While the origin of yawning appears to be physiologic, yawns may also hold a derived communicative function in social species. In particular, the arousal reduction hypothesis states that yawning signals to others that the actor is experiencing a down regulation of arousal and vigilance. If true, seeing another individual yawn might enhance the vigilance of observers to compensate for the reduced mental processing of the yawner. This was tested in humans by assessing how exposure to yawning stimuli alters performance on visual search tasks for detecting snakes (a threatening stimulus) and frogs (a neutral stimulus). In a repeated-measures design, 38 participants completed these tasks separately after viewing yawning and control videos. Eye-tracking was used to measure detection latency and distractor fixation frequency. Replicating previous evolutionary-based research, snakes were detected more rapidly than frogs across trials. Moreover, consistent with the view that yawning holds a distinct signaling function, there were significant interactions for both detection latency and distractor fixation frequency showing that vigilance was selectively enhanced following exposure to yawns. That is, after viewing videos of other people yawning, participants detected snakes more rapidly and were less likely to fixate on distractor frogs during trials. These findings provide the first experimental evidence for a social function to yawning in any species, and imply the presence of a previously unidentified psychological adaptation for preserving group vigilance.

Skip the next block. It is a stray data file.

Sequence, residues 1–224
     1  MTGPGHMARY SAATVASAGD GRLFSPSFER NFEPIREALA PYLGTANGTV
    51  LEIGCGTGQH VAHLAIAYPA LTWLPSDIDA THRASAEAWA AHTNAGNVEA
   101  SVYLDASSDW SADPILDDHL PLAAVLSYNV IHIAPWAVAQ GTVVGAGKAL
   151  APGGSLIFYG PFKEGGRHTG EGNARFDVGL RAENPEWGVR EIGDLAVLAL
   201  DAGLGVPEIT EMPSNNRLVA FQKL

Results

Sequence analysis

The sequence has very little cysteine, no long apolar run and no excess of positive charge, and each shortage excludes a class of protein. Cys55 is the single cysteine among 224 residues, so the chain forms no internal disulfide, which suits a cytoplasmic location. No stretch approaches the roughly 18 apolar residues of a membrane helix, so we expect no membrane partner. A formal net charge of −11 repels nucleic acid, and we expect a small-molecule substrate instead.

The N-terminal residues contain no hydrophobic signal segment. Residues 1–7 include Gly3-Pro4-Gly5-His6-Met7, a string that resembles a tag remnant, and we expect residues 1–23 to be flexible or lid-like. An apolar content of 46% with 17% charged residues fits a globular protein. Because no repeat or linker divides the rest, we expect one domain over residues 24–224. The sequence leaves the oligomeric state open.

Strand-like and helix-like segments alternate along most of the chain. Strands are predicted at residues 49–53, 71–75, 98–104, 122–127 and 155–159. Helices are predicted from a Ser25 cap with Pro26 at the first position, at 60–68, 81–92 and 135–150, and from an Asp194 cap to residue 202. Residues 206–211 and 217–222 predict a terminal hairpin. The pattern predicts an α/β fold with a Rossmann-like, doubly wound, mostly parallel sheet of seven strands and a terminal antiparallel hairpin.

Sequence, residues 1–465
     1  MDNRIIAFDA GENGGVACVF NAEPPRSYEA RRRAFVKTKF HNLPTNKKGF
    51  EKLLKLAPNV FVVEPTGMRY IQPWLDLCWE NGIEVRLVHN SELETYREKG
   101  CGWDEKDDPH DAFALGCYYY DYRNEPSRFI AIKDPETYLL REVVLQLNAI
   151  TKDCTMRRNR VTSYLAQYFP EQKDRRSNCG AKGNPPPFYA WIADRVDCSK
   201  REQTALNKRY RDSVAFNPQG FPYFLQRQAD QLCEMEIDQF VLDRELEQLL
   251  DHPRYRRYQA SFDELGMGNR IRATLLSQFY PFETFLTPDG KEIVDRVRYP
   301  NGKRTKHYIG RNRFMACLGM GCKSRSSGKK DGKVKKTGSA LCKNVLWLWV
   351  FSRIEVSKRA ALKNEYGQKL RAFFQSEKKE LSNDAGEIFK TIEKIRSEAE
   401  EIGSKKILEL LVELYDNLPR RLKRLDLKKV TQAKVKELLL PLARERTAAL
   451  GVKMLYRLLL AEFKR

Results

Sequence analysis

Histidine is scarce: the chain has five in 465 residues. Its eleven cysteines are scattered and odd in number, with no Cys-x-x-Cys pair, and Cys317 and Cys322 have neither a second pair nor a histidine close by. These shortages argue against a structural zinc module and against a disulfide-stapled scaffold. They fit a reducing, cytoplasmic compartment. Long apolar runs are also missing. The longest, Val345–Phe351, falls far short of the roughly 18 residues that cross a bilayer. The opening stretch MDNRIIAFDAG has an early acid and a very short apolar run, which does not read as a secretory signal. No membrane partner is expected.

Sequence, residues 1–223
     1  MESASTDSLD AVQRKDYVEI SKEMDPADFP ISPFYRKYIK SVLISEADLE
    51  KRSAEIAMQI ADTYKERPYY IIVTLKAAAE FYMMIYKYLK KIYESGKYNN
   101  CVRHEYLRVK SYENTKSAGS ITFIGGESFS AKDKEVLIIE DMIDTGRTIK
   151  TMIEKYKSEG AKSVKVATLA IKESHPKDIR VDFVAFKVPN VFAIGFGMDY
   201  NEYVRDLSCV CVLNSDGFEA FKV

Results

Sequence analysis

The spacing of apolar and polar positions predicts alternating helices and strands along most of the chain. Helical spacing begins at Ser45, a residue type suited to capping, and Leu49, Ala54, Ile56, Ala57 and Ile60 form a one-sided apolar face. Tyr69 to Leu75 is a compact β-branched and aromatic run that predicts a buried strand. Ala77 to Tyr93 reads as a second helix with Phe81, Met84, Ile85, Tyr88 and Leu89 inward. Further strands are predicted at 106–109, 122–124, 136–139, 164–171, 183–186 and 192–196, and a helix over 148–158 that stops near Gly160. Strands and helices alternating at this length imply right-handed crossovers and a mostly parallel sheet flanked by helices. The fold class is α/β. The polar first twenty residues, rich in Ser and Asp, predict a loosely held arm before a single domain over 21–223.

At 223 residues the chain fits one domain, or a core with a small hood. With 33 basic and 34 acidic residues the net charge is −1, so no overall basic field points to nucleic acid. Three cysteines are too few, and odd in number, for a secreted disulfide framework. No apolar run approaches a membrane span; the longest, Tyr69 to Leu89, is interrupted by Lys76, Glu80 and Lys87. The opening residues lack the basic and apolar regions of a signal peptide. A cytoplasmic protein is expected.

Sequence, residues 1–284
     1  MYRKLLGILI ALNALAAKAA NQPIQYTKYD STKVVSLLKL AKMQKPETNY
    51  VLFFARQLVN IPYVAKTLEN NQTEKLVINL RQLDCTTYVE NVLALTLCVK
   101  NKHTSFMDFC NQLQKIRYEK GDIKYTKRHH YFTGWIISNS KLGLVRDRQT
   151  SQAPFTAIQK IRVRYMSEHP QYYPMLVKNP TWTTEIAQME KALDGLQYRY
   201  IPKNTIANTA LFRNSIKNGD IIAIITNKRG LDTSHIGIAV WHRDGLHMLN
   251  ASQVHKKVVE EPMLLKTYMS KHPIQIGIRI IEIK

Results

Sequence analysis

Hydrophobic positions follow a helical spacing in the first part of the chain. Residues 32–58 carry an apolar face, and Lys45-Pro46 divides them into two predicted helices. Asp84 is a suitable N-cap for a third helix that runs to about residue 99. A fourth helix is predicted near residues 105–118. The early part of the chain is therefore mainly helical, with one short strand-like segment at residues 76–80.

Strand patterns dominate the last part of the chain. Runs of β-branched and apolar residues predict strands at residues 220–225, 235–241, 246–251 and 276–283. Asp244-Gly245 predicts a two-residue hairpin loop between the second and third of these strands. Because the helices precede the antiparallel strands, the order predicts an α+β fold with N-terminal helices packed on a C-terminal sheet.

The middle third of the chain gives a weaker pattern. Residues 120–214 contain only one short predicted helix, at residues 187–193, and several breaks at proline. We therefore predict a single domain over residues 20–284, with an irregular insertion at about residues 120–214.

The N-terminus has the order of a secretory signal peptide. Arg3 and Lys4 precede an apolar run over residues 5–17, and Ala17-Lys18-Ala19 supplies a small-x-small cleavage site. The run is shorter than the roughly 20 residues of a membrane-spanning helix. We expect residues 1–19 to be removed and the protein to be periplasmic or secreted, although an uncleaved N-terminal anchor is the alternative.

Assuntos
Bocejo , Animais , Nível de Alerta , Tecnologia de Rastreamento Ocular , Comportamento Imitativo , Serpentes
14.
Sci Rep ; 11(1): 1851, 2021 01 20.
Artigo em Inglês | MEDLINE | ID: mdl-33473157